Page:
the rhone age

Perrin Réserve Cotes du Rhone ($10)

            If most French wine confuses consumers — is Bordeaux a kind of grape? — then wines from the Rhone are perhaps the most confusing. The area receives less ink than either Bordeaux and Burgundy, and Rhone wine can be made from about a dozen grapes, as opposed to four in Bordeaux and two in Burgundy.

            So is Rhone wine worth the extra trouble? Most certainly.

            For one thing, the Rhone area is the birthplace of winemaking for everyone who likes syrah or shiraz, whether from the Old World or the New. For another, Rhone wines, though not necessarily inexpensive, remain a value compared to their cousins in Burgundy and Bordeaux. A quality Chateauneuf-de-Pape from the southern Rhone might cost as little as one-half as much as a similar vintage from Bordeaux. The key to buying Rhone is to look for value-oriented producers and negociants such as E. Guigal, Jaboulet and Chapoutier.

            Usually, red wines from the northern Rhone are made with syrah. The best known are Hermitage and Cote-Rotie, regions that produce wines made to age, often for decades. Youthful power and big dark fruit give way to subtlety and finesse. I tasted a 1967 Cote-Rotie from Guigal last month, and it was amazing — a wine in which the fruit, acid and tannins were still in balance after 40 years. More readily available is Louis Bernard Crozes-Hermitage 2003 ($17), from the less pricey Croze-Hermitage region next to Hermitage.

            Chateauneuf is the most famous red in the southern Rhone, usually made from the classic Rhone blend of syrah, Grenache, and mourvedre (a combination that Texas winemakers are experimenting with, to good results). Chateauneuf, like Hermitage and Cote-Rotie, is a red meat and barbecue wine, though it’s sneaky enough to work with some vegetable dishes. One wine to try: E. Guigal Chateauneuf-de-Pape 2003 ($37).

The Rhone’s white wines, made from viognier, rousanne and marsanne, are less well known. They’re also decidedly different from what most Americans think of as white wines, full-bodied with an herb-like aroma and almost oily. This doesn’t mean they’re worse, just different. Pair something like Perrin Réserve Cotes du Rhone 2005 ($10) with strong cheeses or seafood in sauces. —Jeff Siegel


Ask the Wine Guy:

Dry red wine is too bitter for me. Are there sweet red wines?

Yes, they exist, mostly in , where the dornfelder grape offers an interesting perspective on sweet wine. But in this country, it’s extremely difficult to find sweet red wine that isn’t ordinary red wine with sugar added (or, in the case of some Kosher wines, bad red wine with sugar added). The catch is that adding sugar upsets the wine’s balance, and it’s not wine anymore, but a grape juice cocktail. The best bet for anyone who wants a sweeter red wine is to try any of the $10 California merlots (often with livestock on the label) that inundate store shelves. These wines aren’t sweet (most are as dry as any cabernet sauvignon), but are so fruity and have such a cola-like aroma that they seem sweet.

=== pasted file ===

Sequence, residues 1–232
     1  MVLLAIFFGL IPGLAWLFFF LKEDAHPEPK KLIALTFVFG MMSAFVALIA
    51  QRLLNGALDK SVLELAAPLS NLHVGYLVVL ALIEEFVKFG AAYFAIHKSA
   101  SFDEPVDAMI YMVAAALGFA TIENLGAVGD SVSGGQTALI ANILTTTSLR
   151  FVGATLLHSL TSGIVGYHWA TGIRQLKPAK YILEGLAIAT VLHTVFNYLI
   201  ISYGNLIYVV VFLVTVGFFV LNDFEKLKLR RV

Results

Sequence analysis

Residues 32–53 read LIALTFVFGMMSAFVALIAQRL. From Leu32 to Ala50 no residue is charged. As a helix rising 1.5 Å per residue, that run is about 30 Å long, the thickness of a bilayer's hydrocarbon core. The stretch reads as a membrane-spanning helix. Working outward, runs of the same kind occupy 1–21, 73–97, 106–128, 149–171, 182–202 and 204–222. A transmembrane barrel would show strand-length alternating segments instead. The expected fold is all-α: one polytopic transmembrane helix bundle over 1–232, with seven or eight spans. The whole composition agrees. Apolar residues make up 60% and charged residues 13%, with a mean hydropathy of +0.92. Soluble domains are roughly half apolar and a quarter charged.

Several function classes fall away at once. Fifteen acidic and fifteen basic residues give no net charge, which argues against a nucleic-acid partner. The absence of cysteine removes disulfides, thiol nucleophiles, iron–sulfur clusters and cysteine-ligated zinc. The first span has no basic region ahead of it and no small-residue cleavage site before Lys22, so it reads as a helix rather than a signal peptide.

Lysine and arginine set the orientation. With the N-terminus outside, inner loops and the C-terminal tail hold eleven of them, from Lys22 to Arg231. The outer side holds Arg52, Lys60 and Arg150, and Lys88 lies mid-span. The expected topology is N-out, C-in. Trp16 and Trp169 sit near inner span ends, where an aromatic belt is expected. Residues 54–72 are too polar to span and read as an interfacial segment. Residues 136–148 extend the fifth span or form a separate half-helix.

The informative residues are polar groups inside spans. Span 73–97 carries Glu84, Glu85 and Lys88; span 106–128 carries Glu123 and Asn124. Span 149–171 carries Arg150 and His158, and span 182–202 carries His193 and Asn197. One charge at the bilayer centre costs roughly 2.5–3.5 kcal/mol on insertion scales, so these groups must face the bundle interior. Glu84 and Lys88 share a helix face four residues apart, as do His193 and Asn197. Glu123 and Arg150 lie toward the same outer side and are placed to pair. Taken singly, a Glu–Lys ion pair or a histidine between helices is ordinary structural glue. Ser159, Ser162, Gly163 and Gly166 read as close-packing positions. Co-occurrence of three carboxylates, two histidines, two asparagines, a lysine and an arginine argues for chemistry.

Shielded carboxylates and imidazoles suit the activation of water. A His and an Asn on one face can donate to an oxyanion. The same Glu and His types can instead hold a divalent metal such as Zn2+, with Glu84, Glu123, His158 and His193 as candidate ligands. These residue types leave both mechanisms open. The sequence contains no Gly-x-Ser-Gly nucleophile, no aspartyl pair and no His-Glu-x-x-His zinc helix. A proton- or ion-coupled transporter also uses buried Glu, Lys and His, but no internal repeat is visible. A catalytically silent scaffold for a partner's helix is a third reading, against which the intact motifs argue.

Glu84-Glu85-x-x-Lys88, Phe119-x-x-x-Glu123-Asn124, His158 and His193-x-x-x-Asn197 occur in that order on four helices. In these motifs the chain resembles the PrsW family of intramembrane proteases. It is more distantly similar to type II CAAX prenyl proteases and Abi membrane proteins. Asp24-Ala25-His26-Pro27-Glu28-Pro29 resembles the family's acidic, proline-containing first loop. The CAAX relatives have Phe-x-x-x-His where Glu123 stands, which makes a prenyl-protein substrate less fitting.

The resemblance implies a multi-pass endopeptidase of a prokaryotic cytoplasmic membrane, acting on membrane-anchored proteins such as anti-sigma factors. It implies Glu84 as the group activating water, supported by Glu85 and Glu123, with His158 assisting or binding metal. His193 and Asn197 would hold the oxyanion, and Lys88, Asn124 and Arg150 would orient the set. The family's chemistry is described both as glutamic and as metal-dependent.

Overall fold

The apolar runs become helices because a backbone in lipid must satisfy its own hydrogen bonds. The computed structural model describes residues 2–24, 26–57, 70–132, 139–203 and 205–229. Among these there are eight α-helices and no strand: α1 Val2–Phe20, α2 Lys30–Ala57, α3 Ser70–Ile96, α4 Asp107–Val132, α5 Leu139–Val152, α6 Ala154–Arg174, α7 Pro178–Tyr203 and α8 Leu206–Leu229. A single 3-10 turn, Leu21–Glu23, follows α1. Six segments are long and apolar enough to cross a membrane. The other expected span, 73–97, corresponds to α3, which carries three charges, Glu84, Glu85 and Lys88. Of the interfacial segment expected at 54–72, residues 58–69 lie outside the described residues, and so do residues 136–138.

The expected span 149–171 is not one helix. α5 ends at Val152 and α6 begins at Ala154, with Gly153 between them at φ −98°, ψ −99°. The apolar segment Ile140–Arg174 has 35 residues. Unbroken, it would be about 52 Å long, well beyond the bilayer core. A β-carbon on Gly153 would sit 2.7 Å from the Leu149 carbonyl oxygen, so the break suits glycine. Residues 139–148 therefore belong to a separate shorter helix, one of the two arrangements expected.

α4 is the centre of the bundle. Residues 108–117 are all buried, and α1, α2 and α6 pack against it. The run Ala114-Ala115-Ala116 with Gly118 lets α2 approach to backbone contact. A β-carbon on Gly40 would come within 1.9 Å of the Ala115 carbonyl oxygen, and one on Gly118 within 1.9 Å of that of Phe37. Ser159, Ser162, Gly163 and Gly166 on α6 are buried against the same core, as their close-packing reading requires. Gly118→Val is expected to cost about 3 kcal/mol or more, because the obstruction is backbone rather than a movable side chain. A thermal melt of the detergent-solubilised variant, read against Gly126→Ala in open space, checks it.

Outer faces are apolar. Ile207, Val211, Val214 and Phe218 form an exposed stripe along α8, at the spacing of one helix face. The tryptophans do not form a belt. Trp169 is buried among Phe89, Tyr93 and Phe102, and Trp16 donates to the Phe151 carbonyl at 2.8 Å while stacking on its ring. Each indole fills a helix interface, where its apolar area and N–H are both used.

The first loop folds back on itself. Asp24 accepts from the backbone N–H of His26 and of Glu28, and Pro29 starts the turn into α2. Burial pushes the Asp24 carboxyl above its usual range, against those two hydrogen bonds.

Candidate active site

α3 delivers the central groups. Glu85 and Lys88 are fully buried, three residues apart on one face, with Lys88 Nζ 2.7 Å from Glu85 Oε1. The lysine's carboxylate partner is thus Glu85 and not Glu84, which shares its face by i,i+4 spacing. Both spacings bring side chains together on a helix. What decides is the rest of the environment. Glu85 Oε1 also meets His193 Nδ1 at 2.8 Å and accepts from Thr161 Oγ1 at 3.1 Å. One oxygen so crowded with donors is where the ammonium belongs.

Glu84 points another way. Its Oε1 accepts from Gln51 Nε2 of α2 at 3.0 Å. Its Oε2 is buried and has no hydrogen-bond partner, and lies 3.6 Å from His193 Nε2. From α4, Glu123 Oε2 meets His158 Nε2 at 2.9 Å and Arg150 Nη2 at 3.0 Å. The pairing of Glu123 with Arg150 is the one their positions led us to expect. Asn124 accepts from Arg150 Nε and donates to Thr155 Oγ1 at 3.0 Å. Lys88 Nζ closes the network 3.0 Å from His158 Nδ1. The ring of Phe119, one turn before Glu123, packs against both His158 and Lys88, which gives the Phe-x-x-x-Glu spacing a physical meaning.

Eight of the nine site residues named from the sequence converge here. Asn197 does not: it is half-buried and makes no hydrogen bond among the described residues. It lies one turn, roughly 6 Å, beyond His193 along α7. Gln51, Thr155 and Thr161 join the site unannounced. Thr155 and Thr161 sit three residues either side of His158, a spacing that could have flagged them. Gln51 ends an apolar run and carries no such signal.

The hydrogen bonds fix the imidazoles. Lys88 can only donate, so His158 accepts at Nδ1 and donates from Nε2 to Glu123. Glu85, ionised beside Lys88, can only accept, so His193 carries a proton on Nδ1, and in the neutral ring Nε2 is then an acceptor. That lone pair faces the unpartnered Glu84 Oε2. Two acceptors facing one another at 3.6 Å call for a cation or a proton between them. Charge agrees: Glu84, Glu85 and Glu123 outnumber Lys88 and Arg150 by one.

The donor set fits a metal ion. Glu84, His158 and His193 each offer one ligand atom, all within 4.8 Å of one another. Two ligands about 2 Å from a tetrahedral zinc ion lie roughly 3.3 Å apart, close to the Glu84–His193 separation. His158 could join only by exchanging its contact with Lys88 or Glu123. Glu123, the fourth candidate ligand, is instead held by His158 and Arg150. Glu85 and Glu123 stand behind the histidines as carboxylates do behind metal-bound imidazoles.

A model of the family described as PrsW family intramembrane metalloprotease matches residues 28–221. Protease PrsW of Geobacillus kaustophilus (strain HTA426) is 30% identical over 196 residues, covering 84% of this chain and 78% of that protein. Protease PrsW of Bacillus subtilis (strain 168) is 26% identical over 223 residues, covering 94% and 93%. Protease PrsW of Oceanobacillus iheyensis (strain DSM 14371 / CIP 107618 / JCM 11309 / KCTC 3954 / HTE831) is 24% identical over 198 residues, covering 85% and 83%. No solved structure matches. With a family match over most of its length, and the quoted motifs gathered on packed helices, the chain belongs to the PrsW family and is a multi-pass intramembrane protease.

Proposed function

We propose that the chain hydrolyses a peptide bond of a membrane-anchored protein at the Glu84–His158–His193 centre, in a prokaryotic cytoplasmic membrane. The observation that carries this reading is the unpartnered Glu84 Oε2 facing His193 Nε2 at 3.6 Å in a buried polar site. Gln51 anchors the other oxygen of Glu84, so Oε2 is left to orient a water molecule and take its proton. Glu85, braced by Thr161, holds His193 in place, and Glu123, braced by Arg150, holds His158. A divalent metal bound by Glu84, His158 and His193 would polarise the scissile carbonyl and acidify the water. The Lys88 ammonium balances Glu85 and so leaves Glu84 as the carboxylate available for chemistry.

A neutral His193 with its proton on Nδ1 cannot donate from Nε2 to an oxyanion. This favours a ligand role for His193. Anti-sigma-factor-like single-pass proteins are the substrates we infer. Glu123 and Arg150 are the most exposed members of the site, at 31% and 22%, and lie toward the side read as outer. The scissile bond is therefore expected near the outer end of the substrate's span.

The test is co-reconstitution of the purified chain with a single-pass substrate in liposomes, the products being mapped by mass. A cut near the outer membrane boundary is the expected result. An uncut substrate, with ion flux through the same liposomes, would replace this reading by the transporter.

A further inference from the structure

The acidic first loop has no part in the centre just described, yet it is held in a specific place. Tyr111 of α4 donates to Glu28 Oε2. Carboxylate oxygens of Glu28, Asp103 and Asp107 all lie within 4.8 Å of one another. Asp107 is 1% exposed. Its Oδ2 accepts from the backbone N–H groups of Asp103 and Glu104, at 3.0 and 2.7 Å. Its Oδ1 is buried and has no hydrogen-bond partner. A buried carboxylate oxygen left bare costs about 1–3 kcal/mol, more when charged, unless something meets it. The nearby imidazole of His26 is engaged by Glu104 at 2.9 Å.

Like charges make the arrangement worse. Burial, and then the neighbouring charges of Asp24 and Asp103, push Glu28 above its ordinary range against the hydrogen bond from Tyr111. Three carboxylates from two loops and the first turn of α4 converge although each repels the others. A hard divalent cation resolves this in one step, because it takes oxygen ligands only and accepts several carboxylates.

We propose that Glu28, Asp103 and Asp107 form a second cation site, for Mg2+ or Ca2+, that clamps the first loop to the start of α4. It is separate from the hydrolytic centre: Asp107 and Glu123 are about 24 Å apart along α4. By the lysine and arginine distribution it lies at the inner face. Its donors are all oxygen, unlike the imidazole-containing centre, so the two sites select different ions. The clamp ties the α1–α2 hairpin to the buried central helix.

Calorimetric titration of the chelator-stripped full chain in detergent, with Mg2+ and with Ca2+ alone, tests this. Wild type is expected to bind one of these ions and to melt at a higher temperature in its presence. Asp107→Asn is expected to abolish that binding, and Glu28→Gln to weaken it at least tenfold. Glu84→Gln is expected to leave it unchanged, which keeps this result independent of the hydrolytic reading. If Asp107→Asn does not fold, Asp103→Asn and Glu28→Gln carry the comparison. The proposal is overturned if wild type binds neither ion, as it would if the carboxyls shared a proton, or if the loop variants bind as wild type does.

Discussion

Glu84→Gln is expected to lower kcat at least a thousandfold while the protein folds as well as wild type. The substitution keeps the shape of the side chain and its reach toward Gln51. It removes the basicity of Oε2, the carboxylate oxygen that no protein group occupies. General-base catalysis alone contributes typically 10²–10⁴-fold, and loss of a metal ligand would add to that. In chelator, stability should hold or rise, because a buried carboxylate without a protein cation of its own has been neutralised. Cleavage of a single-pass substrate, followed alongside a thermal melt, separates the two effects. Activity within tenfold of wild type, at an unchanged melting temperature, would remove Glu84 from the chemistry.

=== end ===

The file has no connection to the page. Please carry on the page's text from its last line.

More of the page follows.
Almost cassoulet

            There may be as many variations of cassoulet, the classic white bean stew from southwestern , as there are French. Traditionally, it contains a variety of pork and fowl cooked for as long as three days. This is quite tasty, but not all that practical. Our version, which bears more than a passing resemblance to Cajun-style white beans, should take no more than a short afternoon. And don’t be afraid to serve a Rhone red with it, even though the Rhone is in southeastern .


Servings: 6-8

Time: 3-4 hours, including prep


16 ounces dried white beans

8 ounces pork neck bones (you can substitute a chicken or duck carcass or use it in addition to the neck bones)

2 bay leaves

1 teaspoon thyme

2 to 3 tablespoons chopped garlic

2 onions, peeled and chopped

3 carrots, peeled and chopped

8 cups cold water

Salt and pepper to taste

3 to 4 pieces best-quality pork sausage, like a bratwurst


1. Combine all ingredients except the sausage in a large stock pot, bring to a boil, cover and cook gently until the beans are almost done. This depends on how old they are; check after an hour or so.

2. Remove the bones or carcass. Slice each piece of sausage in half, and add to the pot. Cook until the beans are done, another 30 to 60 minutes. The mixture should be soupy.

3. Pick the meat from the bones or carcass and add to the pot. Serve in bowls with crusty French bread, hot sauce and a green salad.

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